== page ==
believed in the existence of other gods – ones to whom they
hadn’t pledged loyalty.
This was going on around 1850 BCE, and it wasn’t until
1000-400 BCE that Israelite religious leaders wrote the Torah
(“Teaching”), the Hebrew holy scriptures that also constitute
the first five books of the Christian faith’s Old Testament.
Enthralled by history
The Hebrew Bible is a book of history, myths and
laws written by Jews about their own past.
“We now have crossed a border in this story of mankind. Modern
scholars wrenched the history that you have read so far out of
stones and bones in digs, or scraps of writing left by folk who
didn’t care about their past. But now we meet a people whose
history enthralled them. They told it and retold it, no doubt
making many changes, and then they wrote it down.” – James
C. Davis, The Human Story
Abraham and his descendants, renewing
the faith along the way
Abraham  Isaac (sacrifice as test of commitment)
Isaac  Jacob (sees angels, ladder to heaven; name later
changed to Israel)
Abraham, Isaac and Jacob – father, son, grandson – may have
been real … but some scholars believe it’s more likely they
were invented as a narrative device to personalize and
connect events involving many long-forgotten forebears. The
historical record seems alternately to confirm and fail to
confirm many accounts in the Bible.
Egypt and then Exodus
Around 1700 BCE, during a time of famine, Hebrews
migrated to Egypt.
Over time, became slaves of the Egyptians … until 13001200 BCE, when God is said to have commanded the prophet
Moses to lead his people out of Egypt (this is called “the
Exodus,” celebrated during Passover, the most important
Jewish holiday).
Moses took the Hebrews on a wandering, decades-long
journey through the Sinai Desert, heading for Canaan, where
the land flowed “with milk and honey.”
They’re not called “The Ten Suggestions”
While traveling across the
Sinai Peninsula, the Bible
says Moses climbed to the
top of Mount Sinai and
spoke with God.
He carried down two stone
tablets, on which YHWH
had written the Ten
The Ten Commandments
represented a new
Covenant and became the
foundation of the civil and
religious laws of Judaism.
The Bible gives conflicting
accounts, but the Israelites,
under the war leader Joshua,
either conquered or settled in
Canaan, the land God had
promised them (and the site of
modern Israel and the Palestinian
They were divided into twelve
tribes supposedly descended
from the sons of Jacob.
Click on the icon below
for an interactive look at
the Hebrew migrations
and settlement in Canaan.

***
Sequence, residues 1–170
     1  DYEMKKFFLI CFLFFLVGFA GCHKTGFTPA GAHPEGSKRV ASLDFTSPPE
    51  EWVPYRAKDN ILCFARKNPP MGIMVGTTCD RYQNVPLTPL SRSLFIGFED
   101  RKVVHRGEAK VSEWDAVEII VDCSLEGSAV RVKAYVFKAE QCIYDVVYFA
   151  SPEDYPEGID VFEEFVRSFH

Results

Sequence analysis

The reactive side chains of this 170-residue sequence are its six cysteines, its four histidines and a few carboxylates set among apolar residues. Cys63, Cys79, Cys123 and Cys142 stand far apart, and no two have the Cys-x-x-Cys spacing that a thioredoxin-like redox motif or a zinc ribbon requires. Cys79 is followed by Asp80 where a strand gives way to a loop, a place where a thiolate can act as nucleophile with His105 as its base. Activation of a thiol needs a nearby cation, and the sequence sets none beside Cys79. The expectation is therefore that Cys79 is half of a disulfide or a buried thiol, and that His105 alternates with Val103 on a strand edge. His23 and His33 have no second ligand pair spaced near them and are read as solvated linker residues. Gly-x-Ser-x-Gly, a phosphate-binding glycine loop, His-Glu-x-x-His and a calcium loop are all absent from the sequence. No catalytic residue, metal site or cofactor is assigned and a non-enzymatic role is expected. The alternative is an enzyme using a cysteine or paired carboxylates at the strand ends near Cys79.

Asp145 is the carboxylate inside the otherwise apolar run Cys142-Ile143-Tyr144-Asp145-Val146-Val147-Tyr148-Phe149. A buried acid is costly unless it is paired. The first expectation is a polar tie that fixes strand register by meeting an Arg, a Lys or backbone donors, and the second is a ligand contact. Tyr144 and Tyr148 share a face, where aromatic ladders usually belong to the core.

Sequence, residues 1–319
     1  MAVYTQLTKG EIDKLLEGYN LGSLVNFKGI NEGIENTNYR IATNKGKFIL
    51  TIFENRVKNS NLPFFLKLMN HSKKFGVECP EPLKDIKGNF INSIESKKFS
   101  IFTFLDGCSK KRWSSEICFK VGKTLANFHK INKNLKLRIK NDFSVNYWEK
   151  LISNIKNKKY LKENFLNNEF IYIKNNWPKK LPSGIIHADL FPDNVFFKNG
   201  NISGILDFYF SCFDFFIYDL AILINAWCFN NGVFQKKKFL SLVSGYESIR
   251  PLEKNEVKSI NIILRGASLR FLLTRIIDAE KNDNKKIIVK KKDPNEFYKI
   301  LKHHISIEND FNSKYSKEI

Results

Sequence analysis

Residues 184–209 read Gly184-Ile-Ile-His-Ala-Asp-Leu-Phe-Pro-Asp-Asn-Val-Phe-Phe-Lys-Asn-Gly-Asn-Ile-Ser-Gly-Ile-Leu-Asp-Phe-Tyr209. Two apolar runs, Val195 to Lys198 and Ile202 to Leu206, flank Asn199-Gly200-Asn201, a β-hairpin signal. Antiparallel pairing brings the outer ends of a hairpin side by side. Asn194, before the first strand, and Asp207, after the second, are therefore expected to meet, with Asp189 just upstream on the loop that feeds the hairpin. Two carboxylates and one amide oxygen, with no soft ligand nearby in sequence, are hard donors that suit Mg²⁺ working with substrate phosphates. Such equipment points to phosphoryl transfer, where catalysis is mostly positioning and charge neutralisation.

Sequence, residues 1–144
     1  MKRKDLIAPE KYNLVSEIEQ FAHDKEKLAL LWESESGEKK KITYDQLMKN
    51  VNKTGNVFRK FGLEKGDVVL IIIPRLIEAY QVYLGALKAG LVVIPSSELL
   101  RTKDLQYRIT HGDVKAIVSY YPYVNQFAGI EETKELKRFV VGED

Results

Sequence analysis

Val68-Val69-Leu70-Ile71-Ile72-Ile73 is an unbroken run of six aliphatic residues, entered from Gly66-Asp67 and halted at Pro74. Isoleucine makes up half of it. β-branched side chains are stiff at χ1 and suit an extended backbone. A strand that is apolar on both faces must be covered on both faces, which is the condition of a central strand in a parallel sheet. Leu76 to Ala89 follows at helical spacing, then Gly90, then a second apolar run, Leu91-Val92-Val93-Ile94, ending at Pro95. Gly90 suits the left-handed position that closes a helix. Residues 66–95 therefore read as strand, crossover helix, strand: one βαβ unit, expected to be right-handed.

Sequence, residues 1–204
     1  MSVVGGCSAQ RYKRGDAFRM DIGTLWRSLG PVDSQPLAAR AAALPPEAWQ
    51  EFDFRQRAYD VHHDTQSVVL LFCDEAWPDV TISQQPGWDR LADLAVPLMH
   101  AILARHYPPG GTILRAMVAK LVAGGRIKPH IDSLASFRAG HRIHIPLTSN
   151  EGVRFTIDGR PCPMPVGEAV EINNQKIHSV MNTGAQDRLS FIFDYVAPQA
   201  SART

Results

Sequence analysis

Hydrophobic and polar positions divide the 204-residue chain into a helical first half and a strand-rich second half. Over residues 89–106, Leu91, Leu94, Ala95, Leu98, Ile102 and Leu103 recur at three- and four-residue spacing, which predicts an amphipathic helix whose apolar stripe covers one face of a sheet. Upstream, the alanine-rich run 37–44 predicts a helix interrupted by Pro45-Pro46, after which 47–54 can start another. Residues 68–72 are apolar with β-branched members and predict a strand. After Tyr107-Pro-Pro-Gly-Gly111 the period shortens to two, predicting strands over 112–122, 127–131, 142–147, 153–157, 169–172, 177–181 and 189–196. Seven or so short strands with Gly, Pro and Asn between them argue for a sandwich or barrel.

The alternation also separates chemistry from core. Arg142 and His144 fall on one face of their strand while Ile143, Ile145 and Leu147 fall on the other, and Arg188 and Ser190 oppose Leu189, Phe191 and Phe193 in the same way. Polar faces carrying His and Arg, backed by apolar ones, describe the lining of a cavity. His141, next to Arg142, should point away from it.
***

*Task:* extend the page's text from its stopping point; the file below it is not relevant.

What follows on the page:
From judges to kings
Each tribe of the “Children of Israel” installed itself in a
different part of the country, led by one or more chiefs who
had limited power but saw to the welfare of the people and
mediated disputes (hence, chiefs were “judges”).
They shared access to a shrine in the hill country at Shiloh,
which housed the Ark of the Covenant (containing the Ten
Commandment tablets).
Came into conflict with Philistines  need for stronger
central authority: Saul, the first king.
David and Solomon
King David (Saul’s son-in-law):
united the tribes and founded a dynasty.
established Jerusalem as the capital.
brought ark to the city, making it a religious as well as
political center.
was a skilled musician, and many of the religious songs
known as Psalms are attributed to him.
King Solomon (David’s son):
made Israel extremely prosperous by taking advantage of
its crossroads location in the Middle East.
built a great temple to glorify God and house the ark.
Heading for a split
Solomon’s reign, however, bred discontentment:
his people were mostly poor and frugal while he sat on an
ivory throne, drank from golden vessels, collected exotic
animals and had 700 wives and 300 concubines (his father
had only 20 in all).
his building projects required high taxes, and men were
forced to spend a third of their time working on the
Upon Solomon’s death (c. 922 BCE), the kingdom
split in two: Israel in the north and Judah in the
Trouble ahead
Next 200 years, Israel and Judah alternately had periods of
relative prosperity, difficulty.
The two kingdoms sometimes fought one another, sometimes
united against a common foe.
In 738 BCE, both began paying tribute (peace money paid by
a weaker power to a stronger) to the mighty Assyrian empire.
It didn’t work: the Assyrians soon conquered the northern
kingdom and Judah subsequently fell more than a century
later to the Babylonians.
The kingdom dies, but not the faith
Solomon’s temple was torn down (no one knows what
happened to the ark) and the Israelites were exiled to
When Persian empire defeats the Babylonians in 539 BCE,
Persian king Cyrus the Great allows 40,000 exiles back into
Jerusalem to rebuild the temple.
Most Jews by this time were already prospering well enough
in Babylon that they refused the offer by Cyrus  beginning
of Jewish Diaspora (Greek for “dispersion” or “scattering”).
But soon other empires come to dominate the region:
Alexander the Great in the third century BCE, and later the
Romans in the first century BCE.
An influential idea